In My Wardrobe: New Veja Trainers

New trainers! Veja trainers. After years of following the brand, I’ve finally got round to buying a pair. For me, Veja is a brand with the most amazing ethos and commitment to everything related to making a product: the environment, ecology, fair trade, workers and style.

Veja trainers Aida Shoreditch

The soles are made from Amazonian rubber trees (instead of usual petroleum-derived rubber) and help to provide an income for 60 Amazonian families as well as provide an incentive to keep trees up and not deforest.

I love the transparency in the who, where, what and why of Veja shoe-making – check out the video below to see more about how the shoes are made, and the brand’s inspiring commitment to workers and sustainable materials.

By doing things differently they can attempt to distance themselves from worker exploitatio and environmental degradation which is sadly the usual result of most things we produce and consume. Instead, I feel like there’s a lot of respect for people and the land, and that’s my kind of brand.  Read more about Veja materials and projects here

If you’re due a new pair of trainers, and want a decent alternative to the usual suspects, Nike et al, then check out the endless number of Veja stylesAnd if, like me, you try to minimise consumption of leather and animal materials, then many are almost vegan. Some are totally non-leather, others have some or very little. I believe mine (above) have a little bit in the V cut-out. Although I would have preferred a totally non-leather pair, from what I’ve read, Veja leather is said to be eco-tanned without chromium (a lingering pollutant) and with knowledge of the source and living conditions of cattle.

Check out the online Veja store (they ship to UK from France) as well as a few boutiques around London. I bought mine up from the gorgeous Aida in Shoreditch for £75.

Let me know if you have a pair, buy a pair or love them as much as I do. @YanarBeauty

PS – this is NOT a sponsored post. Just genuine love for a decent brand! x

Fashion made from recycled car parts

Yes, you read that right – one of my favourite press releases of late – Ford, the car manufacturer, challenged 10 emerging fashion designers to create pieces using recycled Ford car parts and textile waste. Dresses, shirts, jackets and skirts were made from seat covers and other parts and shown at Hong Kong Fashion Week. An inspiring piece of news for the possibilities of recycling, and the future for sustainable fabrics…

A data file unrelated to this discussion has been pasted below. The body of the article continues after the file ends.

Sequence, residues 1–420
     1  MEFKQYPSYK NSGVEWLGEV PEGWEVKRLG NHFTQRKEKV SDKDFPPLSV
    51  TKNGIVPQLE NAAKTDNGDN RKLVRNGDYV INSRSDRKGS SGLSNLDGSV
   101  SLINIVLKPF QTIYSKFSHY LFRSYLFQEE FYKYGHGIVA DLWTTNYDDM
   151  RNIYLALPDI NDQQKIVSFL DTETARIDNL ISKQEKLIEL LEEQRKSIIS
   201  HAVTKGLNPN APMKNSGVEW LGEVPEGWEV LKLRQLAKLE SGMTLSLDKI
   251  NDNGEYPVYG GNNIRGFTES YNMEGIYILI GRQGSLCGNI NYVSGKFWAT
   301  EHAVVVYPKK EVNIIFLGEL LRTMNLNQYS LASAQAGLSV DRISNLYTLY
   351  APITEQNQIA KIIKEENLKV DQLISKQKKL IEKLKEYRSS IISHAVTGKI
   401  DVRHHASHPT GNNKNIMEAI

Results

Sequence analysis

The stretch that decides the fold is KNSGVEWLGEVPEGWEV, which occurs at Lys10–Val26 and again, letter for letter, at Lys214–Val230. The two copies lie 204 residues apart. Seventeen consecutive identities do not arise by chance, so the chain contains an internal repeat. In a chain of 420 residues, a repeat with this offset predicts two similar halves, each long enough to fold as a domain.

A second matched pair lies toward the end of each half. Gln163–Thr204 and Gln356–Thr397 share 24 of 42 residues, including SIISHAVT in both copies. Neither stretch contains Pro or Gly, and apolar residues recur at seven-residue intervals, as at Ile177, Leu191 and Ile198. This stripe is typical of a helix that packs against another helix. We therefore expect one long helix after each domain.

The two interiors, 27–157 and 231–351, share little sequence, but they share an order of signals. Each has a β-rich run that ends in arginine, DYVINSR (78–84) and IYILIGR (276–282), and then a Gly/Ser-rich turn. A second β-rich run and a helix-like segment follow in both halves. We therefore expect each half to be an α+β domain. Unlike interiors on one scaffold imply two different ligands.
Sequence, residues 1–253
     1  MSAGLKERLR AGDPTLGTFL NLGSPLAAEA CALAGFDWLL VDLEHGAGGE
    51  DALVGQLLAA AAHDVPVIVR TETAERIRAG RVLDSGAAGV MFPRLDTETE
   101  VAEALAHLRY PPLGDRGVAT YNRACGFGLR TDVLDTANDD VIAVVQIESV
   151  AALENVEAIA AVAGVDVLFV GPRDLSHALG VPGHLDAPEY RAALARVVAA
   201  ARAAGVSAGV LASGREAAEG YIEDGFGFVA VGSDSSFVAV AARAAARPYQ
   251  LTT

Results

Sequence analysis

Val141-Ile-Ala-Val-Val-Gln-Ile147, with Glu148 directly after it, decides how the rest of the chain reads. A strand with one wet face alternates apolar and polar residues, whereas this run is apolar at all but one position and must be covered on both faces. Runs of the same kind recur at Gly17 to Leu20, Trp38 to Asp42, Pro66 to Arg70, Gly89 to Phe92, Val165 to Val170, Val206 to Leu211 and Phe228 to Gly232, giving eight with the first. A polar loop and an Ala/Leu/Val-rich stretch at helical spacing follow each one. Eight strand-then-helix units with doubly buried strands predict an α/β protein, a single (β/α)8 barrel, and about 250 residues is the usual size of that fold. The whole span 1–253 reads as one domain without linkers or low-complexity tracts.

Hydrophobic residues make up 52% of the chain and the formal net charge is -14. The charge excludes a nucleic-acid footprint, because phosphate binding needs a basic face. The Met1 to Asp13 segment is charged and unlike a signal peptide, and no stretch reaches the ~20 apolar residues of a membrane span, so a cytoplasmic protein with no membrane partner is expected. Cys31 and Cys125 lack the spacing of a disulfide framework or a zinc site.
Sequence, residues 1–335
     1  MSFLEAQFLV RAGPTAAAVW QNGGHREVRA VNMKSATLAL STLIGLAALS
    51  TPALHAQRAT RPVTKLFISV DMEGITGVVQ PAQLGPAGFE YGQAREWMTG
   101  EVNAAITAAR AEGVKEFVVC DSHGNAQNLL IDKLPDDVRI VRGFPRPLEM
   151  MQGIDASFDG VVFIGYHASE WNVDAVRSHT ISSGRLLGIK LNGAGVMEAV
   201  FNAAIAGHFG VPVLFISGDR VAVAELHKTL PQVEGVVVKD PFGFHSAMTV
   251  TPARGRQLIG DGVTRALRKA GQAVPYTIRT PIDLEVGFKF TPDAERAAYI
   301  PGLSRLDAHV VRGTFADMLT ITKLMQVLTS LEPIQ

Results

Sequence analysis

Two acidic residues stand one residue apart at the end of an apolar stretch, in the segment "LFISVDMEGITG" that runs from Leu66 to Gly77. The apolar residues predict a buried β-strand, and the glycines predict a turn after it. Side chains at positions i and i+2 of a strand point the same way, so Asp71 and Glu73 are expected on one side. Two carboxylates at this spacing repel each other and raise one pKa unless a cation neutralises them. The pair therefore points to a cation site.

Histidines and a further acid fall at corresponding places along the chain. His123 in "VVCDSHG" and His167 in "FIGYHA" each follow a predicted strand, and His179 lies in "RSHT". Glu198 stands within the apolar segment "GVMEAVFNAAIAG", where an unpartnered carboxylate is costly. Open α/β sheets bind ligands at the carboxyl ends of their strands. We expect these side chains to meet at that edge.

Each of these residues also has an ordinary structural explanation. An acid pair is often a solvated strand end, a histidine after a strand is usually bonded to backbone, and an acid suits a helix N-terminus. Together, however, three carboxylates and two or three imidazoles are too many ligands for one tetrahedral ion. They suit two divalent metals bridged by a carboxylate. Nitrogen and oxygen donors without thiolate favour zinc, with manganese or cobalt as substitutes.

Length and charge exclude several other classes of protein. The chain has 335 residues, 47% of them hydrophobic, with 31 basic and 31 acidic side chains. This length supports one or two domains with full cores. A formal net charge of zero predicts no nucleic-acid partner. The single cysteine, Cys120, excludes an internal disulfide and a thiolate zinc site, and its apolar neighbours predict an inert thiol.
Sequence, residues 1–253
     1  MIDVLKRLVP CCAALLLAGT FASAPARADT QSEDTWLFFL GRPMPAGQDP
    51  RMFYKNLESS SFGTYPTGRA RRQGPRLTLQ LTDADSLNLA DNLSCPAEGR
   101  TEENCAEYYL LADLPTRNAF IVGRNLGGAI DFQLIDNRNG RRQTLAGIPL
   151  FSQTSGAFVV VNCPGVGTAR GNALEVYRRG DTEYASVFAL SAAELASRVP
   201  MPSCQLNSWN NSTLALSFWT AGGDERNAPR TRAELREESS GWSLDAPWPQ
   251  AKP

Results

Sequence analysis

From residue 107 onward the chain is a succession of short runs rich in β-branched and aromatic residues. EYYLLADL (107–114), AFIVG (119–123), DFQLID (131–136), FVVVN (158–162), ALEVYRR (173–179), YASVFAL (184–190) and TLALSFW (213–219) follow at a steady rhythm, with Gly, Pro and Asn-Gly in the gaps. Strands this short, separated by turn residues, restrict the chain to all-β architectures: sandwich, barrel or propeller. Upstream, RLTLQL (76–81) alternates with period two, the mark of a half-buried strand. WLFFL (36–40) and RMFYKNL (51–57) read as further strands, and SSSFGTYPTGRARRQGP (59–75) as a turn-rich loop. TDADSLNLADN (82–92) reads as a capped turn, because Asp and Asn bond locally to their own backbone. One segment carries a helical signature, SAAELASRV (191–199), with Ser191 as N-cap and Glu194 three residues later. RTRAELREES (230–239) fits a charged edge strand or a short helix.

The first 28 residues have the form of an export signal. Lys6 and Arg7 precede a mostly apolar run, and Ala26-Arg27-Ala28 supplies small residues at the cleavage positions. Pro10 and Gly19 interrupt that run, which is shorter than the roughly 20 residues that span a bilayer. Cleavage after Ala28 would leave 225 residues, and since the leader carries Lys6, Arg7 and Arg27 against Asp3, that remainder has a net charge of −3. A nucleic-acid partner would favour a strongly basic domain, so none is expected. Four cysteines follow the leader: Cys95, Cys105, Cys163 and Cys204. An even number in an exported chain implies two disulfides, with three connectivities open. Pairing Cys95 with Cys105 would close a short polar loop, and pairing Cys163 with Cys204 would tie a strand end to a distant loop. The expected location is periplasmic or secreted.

Ford fashion recycled material car parts

Ford already uses plastic bottles and post-industrial waste to make recycled fabric as part of its upholstery in its cars so it partnered with Redress, a Hong Kong based charity that promotes sustainability in the fashion industry, to see how designers could transform materials and waste from vehicle production.

The Redress Forum: Ford Design Challenge was born and held during Hong Kong Fashion Week. From ten finalists from around the world, including UK, there were two winners, from Malaysia and Sweden

How did they do it? If, like me, you’re intrigued as to how you get from plastic bottle to bolero, check out this video which explains how to make fabric (polyester) out of recycled bottles – it’s amazing!!!

 

I can’t believe the whole recycling process is so long and intricate; so many miles, countless stages, so much energy and hours of manpower (someone has to manually fish out the floating bottle lids from pools of broken down plastic?!). This complex process is carried out in China and probably only possible because of cheap labour. So now you know what happens to our plastic once we’ve chucked it in the recycling box – a long and arduous journey to reincarnation.

Ford fashion recycled material car parts 2

Ford states that ‘on an annual basis it recycles enough plastic bottles and postindustrial waste to make more than 1.5 million yards of recycled fabric.’

This recycled fabric is then used as car seat covers, an initiative that has apparently been so successful Ford has committed to using at least 25% recycled fabrics in every car. Some, like this one, uses 100% recycled fabrics.

Ford fashion recycled material car parts 4

Interestingly, I’ve been told that Ford is also working with Heinz to investigate the use of tomato fibres in developing sustainable plastics. It’s also decreased water use in its vehicle production, from 64 million cubic meters to 24 million cubic meters so it seems like Ford is on a bit of a sustainability mission.

It feels a little weird talking about a car manufacturer on an eco beauty blog but as I’ve always said, let’s champion the brands trying to tread more carefully on the planet – the fact that it’s a car manufacturer makes it all the more interesting.

I think innovation in sustainable fabrics is really cool and even high street stores – Marks & Spencer and H&M – are getting involved and experimenting with recycled fabrics.

Hopefully in the future we’ll see more and more products and materials made from post-consumer waste and hopefully it will become a second nature thing for brands and manufacturers to use recycled materials as a first port of call instead of virgin plastics.

I guess it all comes down to economics at the end of the day, so if and when virgin plastics become too expensive to use, brands will be forced to innovate and turn to recycling post-consumer waste. It’s not inconceivable that day will come sooner rather than later and thankfully there are already brands leading the way.

Ford fashion recycled material car parts 3